We stress the importance of CMED’s uniformly shaped array for all materials. In previous attempts, we attempted to predict electron densities in raw Cartesian space (e.g., electron density queries were at exact Angstrom positions). The issue with that is that the output domain was not well-bounded, so we needed to train with large maximum (*x*, *y*, *z*) coordinates. While this was reasonable for crystals with very large unit cells, it did not work so well on crystals with small unit cells, as the training objective was too sparse. In contrast, the CMED representation maps every unit cell to a space where the coordinates are well-bounded, which makes training much more tractable.

To get from the CMED predicted by our model to an undistorted electron density the inverse mapping must be carried out. If the unit cell of the unknown structure is indexed and the lattice parameters are known, this is straightforwardly done by plotting the voxels in the same order in the other basis.

In practice, we seek an end-to-end procedure that can discover the unit cell parameters as part of the automated process. This has not been done in the current paper, but we believe it will be straightforward. Indeed, there is already evidence that such information can be obtained straightforwardly by ML^{25,60,61}.

### Neural network design

See Fig. 6 for the layer-by-layer neural network architecture. See Fig. 7 for a mid-level system diagram that shows how the components interact. The XRD, chemical composition, and spatial positions are inputted into the model and processed by separate branches. The XRD and chemical composition embeddings are fused with each other via concatenation. Then, they are fused with the spatial position embedding via FiLM^{62}. That fused representation is then passed to the charge regressor, which predicts the charge density at the queried spatial positions. In total, our model has 14,775,187 parameters.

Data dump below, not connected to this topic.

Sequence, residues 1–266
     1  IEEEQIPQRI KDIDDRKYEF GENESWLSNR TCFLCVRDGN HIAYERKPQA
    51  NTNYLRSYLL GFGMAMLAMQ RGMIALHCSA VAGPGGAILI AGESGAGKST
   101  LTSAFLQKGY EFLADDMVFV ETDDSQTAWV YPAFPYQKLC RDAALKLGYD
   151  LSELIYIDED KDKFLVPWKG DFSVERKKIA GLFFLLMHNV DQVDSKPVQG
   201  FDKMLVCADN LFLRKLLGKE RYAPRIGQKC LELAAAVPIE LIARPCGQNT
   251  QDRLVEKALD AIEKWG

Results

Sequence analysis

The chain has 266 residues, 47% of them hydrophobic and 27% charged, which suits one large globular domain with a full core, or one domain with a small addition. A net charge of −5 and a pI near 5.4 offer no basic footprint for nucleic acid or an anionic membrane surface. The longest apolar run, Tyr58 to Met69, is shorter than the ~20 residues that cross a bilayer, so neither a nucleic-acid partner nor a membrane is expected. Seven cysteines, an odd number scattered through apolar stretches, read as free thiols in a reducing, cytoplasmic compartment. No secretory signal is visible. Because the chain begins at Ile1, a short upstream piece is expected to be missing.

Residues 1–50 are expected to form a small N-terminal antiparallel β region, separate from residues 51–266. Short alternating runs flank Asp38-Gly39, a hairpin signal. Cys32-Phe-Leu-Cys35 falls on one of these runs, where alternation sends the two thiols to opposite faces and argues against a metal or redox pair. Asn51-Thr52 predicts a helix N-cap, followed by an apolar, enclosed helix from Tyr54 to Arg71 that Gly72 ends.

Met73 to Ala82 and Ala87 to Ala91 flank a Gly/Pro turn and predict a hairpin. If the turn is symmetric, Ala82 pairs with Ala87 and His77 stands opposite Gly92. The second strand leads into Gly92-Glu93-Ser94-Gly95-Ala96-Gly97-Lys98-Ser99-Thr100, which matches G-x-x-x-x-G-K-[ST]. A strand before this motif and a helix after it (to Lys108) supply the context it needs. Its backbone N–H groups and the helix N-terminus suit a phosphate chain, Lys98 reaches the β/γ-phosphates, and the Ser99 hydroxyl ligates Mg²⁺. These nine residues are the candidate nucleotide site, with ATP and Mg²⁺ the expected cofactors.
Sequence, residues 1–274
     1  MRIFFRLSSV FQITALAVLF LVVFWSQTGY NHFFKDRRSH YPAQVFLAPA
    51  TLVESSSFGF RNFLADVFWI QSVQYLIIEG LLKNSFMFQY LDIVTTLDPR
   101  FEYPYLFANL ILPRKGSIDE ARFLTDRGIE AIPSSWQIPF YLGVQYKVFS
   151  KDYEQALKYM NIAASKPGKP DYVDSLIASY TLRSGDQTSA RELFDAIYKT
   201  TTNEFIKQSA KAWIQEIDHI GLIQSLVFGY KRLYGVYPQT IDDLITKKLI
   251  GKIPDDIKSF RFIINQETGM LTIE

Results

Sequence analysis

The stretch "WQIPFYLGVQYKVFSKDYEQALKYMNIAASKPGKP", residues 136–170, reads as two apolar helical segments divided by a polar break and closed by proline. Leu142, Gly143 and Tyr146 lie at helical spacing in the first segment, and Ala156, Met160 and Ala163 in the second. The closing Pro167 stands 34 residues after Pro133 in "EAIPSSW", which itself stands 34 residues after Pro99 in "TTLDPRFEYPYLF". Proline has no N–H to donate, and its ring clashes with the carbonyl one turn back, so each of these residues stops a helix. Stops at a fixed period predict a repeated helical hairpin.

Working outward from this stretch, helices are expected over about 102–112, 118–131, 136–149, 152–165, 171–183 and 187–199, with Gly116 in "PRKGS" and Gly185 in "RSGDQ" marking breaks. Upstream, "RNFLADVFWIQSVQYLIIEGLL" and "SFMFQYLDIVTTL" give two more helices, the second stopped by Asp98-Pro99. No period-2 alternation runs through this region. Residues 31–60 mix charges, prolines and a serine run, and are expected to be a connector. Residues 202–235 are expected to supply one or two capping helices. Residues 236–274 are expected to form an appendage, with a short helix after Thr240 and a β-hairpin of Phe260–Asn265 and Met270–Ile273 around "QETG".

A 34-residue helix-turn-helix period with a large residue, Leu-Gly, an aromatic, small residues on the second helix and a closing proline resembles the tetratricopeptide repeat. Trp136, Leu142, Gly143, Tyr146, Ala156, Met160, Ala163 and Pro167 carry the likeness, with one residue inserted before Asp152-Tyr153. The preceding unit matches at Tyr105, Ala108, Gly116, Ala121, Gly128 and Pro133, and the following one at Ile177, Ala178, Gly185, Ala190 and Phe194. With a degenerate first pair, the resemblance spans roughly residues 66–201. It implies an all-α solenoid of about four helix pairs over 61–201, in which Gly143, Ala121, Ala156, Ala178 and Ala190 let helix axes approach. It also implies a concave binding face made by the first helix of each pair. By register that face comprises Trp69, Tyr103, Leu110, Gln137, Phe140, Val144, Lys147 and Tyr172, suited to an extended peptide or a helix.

We adopt a variational approach^{38,45} for powder XRD and formula embedding prediction. Particularly, rather than deterministically predicting the embeddings, we predict the means and standard deviations of the embedding distributions, which are modeled as multivariate Gaussian distributions. Thus, we have

where *E* is a sample from the distribution of formula- or XRD-conditioned embeddings, **x** is the corresponding formula or XRD input, *μ* is the neural network function that regresses the mean, and *σ* is the neural network function that regresses the standard deviation. We use the reparameterization

where *ϵ* is unit Gaussian noise, to make the process differentiable^{38}.

We justify this variational approach with the following reasons: (1) Crystallographic inference, i.e., predicting molecular structure given XRD and formula, can be a one-to-many problem, so a non-deterministic approach is appropriate for modeling these multiple outputs. (2) Crystallography is an iterative design process. The variational approach allows us to resample candidate structures, if the first prediction is not appropriate. (3) Variational approaches allow the model to learn a smoother latent space, which may generalize better to out-of-training-distribution inputs^{38}.

We note that although Fig. 6 depicts the powder XRD (Panel a) and formula (Panel b) encoders as deterministic networks, this is only for the sake of simplicity in the illustration. In reality, we have two versions of each network, one for regressing *μ*, and the other for regressing *σ*, which are then combined to produce the actual embedding, according to Eq. (2).

The powder XRD encoder is shown in Fig. 6, Panel a; in short, the goal of this branch is to extract relevant information from the sparse XRD pattern. The inputs are the extracted peaks **x**_{d} from the x-ray diffraction patterns, which are normalized such that the highest peak is at intensity 1. They are represented as vectors with with 1024 pixels of resolution, where the value at each pixel represents the intensity of the diffraction pattern at that location. The outputs are 512-dimensional embeddings **E**_{d} = *E*_{d}(**x**_{d}).